Text-to-image AI models need huge amounts of image data and image annotation to turn your text into an image. Specifically, it requires captioned pictures so the AI can learn how to process your request. It’s like asking someone to draw something in Pictionary. They recall what it looks like from experience and reproduce it on paper. The better the drawing, the easier it is to correctly identify.
The problem is huge quantities of text-to-image AI data are coming from the web. As we know there are some areas of the web which contain inappropriate and unsavoury material. Datasets tend to reflect social stereotypes, oppressive viewpoints, and derogatory, or otherwise harmful, associations to marginalized identity groups.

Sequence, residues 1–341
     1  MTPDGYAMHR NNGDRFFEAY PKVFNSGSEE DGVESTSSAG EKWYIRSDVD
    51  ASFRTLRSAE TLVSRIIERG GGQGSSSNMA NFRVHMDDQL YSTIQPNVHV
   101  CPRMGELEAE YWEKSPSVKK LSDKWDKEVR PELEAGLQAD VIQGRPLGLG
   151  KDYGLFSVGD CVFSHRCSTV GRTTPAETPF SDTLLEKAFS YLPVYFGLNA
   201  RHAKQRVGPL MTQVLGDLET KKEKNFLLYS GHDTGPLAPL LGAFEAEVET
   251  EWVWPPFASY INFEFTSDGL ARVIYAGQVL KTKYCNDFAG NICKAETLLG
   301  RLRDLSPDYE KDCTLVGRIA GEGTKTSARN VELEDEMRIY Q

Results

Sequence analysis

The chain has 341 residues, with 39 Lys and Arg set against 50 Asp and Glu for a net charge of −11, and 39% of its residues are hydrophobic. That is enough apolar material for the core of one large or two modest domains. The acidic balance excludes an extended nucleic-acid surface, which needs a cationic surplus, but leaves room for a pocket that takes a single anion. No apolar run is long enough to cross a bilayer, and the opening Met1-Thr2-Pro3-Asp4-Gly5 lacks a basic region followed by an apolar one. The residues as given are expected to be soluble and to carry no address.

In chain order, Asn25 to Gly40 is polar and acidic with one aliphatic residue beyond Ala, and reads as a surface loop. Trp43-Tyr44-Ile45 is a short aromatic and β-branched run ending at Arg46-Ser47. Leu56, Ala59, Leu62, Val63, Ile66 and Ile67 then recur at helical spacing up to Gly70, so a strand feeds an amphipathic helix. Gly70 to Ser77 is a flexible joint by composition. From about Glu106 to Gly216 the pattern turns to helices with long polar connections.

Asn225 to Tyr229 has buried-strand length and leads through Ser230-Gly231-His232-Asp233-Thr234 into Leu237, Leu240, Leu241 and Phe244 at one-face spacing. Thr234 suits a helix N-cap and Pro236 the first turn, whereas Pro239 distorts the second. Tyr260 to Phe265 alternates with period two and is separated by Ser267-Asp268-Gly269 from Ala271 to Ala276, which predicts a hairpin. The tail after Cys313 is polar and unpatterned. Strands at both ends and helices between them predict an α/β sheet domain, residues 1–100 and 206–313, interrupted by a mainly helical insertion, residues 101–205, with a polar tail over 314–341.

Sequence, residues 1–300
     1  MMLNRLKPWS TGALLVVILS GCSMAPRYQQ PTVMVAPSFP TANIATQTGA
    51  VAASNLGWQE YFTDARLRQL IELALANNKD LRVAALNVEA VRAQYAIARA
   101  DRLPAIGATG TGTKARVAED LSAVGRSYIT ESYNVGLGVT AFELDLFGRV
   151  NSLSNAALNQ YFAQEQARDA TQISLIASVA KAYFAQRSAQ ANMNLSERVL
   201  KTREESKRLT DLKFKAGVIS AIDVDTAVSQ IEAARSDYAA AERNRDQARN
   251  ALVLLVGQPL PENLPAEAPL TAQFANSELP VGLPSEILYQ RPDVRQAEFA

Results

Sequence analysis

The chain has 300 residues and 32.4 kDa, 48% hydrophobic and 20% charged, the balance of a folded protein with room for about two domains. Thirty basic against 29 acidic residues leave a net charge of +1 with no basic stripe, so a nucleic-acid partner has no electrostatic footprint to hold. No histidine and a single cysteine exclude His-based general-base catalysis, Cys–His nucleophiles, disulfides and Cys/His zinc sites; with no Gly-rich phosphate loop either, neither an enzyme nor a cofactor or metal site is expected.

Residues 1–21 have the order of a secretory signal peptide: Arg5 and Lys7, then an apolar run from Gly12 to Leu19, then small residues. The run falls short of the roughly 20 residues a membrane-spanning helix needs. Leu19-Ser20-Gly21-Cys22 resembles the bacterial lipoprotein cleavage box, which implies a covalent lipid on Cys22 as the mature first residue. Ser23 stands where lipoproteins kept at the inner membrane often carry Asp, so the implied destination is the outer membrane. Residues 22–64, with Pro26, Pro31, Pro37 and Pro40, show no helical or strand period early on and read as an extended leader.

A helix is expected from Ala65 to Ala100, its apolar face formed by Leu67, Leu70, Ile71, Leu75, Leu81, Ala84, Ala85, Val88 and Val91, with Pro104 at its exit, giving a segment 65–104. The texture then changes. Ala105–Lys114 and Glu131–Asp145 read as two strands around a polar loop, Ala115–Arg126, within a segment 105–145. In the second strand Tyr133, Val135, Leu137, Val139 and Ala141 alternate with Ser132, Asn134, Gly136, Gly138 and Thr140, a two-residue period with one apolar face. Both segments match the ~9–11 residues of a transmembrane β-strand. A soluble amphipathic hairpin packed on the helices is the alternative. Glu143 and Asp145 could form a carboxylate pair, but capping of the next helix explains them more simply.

Better filtration can remove such content.
There may be replication of prevailing social biases and stereotypes. For example, an overall bias towards generating images of people with lighter skin tones and a tendency for images portraying different professions to align with Western gender stereotypes.
The output, therefore, is often racist, sexist, or toxic in some way. In early releases of the AI models, if you ask it to generate images of a “flight attendant”, almost all the subjects will be women. Ask for pictures of a “CEO” or even a “lawyer” and you see white men.
There are 7 ways to minimise bias: